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Indonesian engineer living in New Jersey produces, donates 3D-printed face shields

Ni Nyoman Wira
Ni Nyoman Wira

The Jakarta Post

Jakarta  /  Fri, May 8, 2020  /  10:35 am
Indonesian engineer living in New Jersey produces, donates 3D-printed face shields

Paladia Petty Sukarsaatmadja holds face shield frames that were made using the Edner3 3D printer. (Paladia Petty Sukarsaatmadja/File)

It was late March when the United States government declared a national emergency over the COVID-19 pandemic, causing numerous companies to implement work-from-home policies.

Indonesia-born Paladia Petty Sukarsaatmadja, 38, is among the employees who has to work from her home in New Jersey, which ranks second for the most COVID-19 cases among all US states after New York.

As of Thursday, New Jersey had a total of 131,890 cases with 8,549 fatalities, according to The Guardian.

Since the policy was introduced, Petty and her Mexico-born husband have followed news about a shortage of protective gear (APD) for medical personnel.

“Our neighbor, who happens to be a nurse in a hospital in New Jersey, confirmed the news and told us that anything that people can give to help them would be very useful,” Petty told The Jakarta Post via email. “We’re moved to help them as they’re the front-liners against COVID-19.”

During their research, the couple discovered information about protective gear designs from organizations worldwide; designs that have been approved by the National Institute of Health, including one for face shields made using a 3D printer.

Using a design from Swedish manufacturer 3DVerkstan, they began to produce face shield frames utilizing their 3D printer at home.

A face shield design by 3dVerkstan.A face shield design by 3dVerkstan. (3dverkstan.se/File)

“We’ve had the printer for one year and we usually use it to print kids’ toys and to further learn about its technology as my husband and I have engineering backgrounds,” said Petty, who works as a quality assurance engineer at the Panasonic Corporation of North America. “At first we were only able to make around eight frames a day, but after optimizing our printer’s settings, we’re [now] able to make around 20 frames daily.”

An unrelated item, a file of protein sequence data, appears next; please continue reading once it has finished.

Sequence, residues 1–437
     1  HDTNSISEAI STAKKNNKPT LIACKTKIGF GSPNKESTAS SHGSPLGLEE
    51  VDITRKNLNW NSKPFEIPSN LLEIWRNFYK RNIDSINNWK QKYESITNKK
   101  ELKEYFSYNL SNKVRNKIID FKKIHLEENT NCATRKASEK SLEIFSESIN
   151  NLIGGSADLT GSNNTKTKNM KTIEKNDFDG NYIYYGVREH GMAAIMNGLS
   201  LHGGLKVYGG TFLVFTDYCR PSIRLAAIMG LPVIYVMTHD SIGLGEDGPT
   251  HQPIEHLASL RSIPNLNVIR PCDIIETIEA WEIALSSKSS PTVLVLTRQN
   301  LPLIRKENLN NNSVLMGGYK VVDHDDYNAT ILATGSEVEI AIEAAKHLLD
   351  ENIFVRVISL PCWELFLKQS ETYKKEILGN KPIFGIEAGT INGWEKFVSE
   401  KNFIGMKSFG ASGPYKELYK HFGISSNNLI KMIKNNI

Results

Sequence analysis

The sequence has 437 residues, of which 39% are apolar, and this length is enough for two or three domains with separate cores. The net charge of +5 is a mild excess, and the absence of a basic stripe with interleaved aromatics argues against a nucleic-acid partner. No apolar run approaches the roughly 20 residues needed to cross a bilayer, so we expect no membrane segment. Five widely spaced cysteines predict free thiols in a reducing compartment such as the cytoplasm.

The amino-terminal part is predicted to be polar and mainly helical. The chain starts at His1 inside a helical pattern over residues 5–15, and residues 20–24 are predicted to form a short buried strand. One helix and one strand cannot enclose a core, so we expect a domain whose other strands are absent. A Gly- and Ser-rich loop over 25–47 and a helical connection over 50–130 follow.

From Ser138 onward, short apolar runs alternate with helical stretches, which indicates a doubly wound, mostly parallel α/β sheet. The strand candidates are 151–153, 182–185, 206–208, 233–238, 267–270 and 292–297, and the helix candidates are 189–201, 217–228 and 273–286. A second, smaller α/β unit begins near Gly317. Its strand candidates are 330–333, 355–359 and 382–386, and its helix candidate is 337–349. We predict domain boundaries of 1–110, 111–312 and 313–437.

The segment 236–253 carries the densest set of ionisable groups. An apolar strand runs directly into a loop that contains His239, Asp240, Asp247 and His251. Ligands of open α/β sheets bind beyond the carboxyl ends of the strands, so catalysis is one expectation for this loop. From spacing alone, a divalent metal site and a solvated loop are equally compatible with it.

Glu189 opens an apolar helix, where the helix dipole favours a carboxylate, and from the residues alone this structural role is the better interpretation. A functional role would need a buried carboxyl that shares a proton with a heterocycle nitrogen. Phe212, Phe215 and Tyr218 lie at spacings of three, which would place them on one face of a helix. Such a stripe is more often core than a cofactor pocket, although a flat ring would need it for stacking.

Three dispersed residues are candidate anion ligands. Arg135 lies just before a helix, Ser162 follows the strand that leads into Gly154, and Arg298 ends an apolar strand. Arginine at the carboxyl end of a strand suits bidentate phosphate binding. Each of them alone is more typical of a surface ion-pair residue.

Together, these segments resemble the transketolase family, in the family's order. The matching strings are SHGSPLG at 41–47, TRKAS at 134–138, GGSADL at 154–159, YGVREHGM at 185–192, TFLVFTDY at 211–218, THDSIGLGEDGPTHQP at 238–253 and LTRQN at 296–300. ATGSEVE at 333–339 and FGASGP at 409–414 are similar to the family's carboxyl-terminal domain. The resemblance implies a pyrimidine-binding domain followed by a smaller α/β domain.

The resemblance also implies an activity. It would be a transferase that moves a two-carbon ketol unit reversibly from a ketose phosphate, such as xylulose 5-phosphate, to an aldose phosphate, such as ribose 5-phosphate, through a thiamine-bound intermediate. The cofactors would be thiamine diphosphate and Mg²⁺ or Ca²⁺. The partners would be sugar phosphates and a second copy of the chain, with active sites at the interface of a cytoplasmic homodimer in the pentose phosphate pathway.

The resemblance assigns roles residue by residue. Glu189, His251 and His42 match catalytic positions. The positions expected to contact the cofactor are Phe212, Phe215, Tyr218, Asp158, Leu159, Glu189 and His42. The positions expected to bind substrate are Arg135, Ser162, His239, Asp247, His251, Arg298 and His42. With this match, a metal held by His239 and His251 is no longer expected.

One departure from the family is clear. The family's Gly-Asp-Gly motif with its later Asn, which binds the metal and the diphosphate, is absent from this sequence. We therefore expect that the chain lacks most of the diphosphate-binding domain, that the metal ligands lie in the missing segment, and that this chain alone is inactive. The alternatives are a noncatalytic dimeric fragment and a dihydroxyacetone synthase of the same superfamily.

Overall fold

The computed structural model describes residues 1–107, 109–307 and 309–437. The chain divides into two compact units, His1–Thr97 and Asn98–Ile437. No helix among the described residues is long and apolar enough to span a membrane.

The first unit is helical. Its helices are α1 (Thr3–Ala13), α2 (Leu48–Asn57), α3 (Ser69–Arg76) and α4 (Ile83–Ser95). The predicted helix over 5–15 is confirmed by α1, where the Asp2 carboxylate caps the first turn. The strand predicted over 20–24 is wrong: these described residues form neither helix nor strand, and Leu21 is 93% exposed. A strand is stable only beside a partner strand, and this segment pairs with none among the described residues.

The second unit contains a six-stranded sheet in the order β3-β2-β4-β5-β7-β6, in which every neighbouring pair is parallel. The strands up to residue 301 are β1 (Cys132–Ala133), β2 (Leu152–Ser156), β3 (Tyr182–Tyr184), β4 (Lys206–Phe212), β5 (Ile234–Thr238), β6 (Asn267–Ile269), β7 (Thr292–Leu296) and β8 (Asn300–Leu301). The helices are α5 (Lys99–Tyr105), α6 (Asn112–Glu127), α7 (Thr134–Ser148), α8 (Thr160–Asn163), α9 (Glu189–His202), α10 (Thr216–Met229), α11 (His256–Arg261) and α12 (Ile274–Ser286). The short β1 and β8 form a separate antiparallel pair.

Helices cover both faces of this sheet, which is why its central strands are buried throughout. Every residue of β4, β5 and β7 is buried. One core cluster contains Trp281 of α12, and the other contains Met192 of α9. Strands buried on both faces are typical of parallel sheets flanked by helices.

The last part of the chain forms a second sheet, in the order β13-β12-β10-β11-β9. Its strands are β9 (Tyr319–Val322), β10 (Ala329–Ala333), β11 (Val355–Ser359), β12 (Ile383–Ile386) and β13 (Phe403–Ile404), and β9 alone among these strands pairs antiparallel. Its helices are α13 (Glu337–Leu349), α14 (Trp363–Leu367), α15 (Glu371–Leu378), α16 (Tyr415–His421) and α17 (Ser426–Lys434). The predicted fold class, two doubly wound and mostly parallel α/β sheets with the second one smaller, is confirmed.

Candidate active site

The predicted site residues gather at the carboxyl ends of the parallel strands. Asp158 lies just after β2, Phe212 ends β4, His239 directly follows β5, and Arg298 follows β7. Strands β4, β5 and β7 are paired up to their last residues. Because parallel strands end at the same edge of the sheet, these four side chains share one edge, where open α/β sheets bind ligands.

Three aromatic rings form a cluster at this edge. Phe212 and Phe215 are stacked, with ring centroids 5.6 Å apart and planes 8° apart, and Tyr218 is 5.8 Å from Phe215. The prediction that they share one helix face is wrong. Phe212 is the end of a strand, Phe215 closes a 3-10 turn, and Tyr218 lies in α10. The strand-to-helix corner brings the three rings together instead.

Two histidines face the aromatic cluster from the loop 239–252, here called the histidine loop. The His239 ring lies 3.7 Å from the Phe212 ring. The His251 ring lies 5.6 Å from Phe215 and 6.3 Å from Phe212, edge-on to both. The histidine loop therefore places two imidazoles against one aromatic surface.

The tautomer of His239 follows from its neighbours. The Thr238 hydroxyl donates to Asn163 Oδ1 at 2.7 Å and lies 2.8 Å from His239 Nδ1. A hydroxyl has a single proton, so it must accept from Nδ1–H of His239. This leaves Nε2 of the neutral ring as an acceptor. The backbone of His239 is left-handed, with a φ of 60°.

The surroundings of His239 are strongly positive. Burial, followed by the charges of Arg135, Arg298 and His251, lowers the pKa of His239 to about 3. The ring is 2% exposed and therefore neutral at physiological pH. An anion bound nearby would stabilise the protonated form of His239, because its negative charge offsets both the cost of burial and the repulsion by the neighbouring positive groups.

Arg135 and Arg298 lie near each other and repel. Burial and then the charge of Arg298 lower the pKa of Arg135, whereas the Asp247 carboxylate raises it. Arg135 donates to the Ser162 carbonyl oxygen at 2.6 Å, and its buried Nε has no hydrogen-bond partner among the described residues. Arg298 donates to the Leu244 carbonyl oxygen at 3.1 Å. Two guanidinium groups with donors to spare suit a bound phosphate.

Read also: Why wear face masks in public? Here's what the research shows

The process of producing face shields consists of two phases: first, printing out the frames or visors and, second, attaching a transparent plastic sheet to the frames. Each frame is made of a polylactic acid (PLA) plastic filament, while the plastic sheet is made of acrylic.

After creating the frames, Petty then sends them to volunteers who attach the plastic sheets to the frames.

When asked about the challenges they faced, Petty said that their 3D printer would sometimes not work properly, so they often had to order new spare parts, which meant halting the production process.

“Moreover, as each volunteer is unable to meet directly due to social distancing, all of the logistical processes have to be done online and it requires intensive communication and teamwork,” Petty said, adding that she felt grateful for their colleagues, friends and neighbors who had helped them throughout the process.

They have produced at least 470 face shields and donated them to hospitals, first aid units, police stations and nursing homes in New Jersey.

Their face shield production is currently ongoing and they hope to donate the products to hospitals and first responders, such as ambulance and first aid personnel and police officers.

Having lived in New Jersey for around 10 years, Petty said it was quite a challenge to juggle her work with helping her 8-year-old son and 4-year-old daughter with their homework.

They practice social distancing by staying at home and they wash their hands regularly and disinfect each package that arrives at their door as almost all of their primary needs are purchased online from retailer Instacart.

“We also need to monitor the app to get a delivery slot as it has been difficult to get. Rolled tissue paper, hand sanitizer and disinfectant products are hard to find online and at physical stores,” said Petty, who graduated from the Bandung Institute of Technology (ITB) in West Java.

Entering their eighth week of physical distancing, the couple have implemented a schedule and to-do list for their children to set their napping, play and lunch times. “On the weekends, we hold ‘home theater’ entertainment where they have to help their parents clean the house to get an ‘entrance ticket’ to the theater."   

Petty began her career at Panasonic Corp of North America in 2019. She became interested in the electronics industry company while studying and working in Japan for six years. (kes)

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